Leaf collection starts in November and a better alternative

Mulching and leaving in your yard is a better choice than the city coming by with a big truck.


Your lawn, garden, and flower beds need nutrients. All those leaves that you rake or blow into a giant pile for city pickup are chuck full for nutrients. A much better alternative is to mulch those leaves with your mower and simply let them stay on your yard.

Ideally it’s best to leave no more than an inch of chopped up leaves on your grass and three to four on your beds. It would be awesome if the city didn’t have to spend all the extra time cleaning up our leaves and could focus on keeping the drains clear.

I realize that city dwellers with a small backyard that is 90% patio the mulching alternative isn’t going to work and that a backyard three feet deep of leaves is not ideal. That being said every little bit helps and mulch what you can. Most leave blowers have a vacuum option and that will do an excellent job of chopping up leaves for use in flower/garden beds.

If you do decide that you’re not mulching please don’t rake into the street. Leaves by nature are not bright, don’t follow directions,  and will not stay put. Instead of staying in a nice pile they go with the flow of rain and either clog up the street drains leading to street flooding or they get washed into the watershed and causes problems. Too many leaves in our waterways causes algae to bloom, which in turn soaks up oxygen that fish need.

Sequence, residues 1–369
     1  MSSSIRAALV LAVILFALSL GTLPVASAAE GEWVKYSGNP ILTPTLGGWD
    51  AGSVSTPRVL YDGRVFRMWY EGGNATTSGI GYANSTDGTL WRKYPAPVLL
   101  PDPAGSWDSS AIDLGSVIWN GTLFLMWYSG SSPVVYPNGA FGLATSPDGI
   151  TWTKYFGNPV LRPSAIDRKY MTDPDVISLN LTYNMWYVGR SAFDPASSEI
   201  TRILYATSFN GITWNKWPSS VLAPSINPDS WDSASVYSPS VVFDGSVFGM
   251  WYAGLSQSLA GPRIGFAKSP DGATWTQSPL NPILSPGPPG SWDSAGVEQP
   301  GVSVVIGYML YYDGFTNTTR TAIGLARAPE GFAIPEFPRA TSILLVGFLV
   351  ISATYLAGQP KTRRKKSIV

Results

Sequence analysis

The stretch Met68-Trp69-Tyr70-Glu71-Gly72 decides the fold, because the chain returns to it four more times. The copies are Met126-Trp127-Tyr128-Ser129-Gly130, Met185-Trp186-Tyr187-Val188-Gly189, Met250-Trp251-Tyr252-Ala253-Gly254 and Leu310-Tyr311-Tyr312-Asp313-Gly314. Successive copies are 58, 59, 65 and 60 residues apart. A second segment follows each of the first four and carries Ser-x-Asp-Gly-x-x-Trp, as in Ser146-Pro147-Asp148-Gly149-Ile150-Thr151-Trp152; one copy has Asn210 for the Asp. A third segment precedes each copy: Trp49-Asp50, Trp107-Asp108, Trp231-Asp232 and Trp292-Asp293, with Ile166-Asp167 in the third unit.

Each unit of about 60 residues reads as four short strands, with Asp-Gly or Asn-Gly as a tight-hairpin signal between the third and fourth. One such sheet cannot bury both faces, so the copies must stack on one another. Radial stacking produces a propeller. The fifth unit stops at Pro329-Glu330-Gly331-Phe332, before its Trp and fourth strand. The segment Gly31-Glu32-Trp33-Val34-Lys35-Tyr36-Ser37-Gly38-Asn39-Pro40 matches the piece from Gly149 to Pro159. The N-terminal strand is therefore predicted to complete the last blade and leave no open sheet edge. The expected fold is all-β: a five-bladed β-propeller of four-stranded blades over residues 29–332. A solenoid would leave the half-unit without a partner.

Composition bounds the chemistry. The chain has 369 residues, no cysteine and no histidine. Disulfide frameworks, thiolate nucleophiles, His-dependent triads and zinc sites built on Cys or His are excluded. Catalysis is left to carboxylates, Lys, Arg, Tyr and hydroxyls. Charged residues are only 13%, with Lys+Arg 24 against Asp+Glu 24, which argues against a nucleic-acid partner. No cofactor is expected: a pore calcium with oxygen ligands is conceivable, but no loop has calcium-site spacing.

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Richard Hayes

When Richard isn’t rounding up neighborhood news, he’s likely watching soccer or chasing down the latest and greatest craft beer.

Notice: Comments that are not conducive to an interesting and thoughtful conversation may be removed at the editor’s discretion.

  1. Great article! Don’t forget that shredded leaves make great compost and all you need is a bagger on your mower to grab them off the sidewalk or street.

  2. I just wanted to point out that, at least in my experience in Forest Park Terrace, if you don’t get your leaves into the street, the collection truck will not pick them up. They also won’t pick them up if you get them to a side street. They have to be on the street in front of your house. They skip me every year because I rake an enormous amount of oak leaves (I’m surrounded by them) to the side street. I’m not afraid of hard work but it’s way too much to get all of them to the front. I end up calling the city for a special pick up, or my neighbor will arrange to use them as he gradually dwindles them all down to use for mulching and composting.

  3. Stuffa on said:

    I have been doing this for years and my garden is better off for it! Mother Natures finest mulch turns into what we gardeners call “Black Gold” or dark, nutrient rich humus. …keep in mind that a 3’ tall pile of leaves will flatten out to just a few inches after a good rain or two. :o)
    Also, native wildlife will thank you: many beneficial species use leaf litter as cover during winter months, and ground foraging birds will be grateful for the larder full of tasty treats.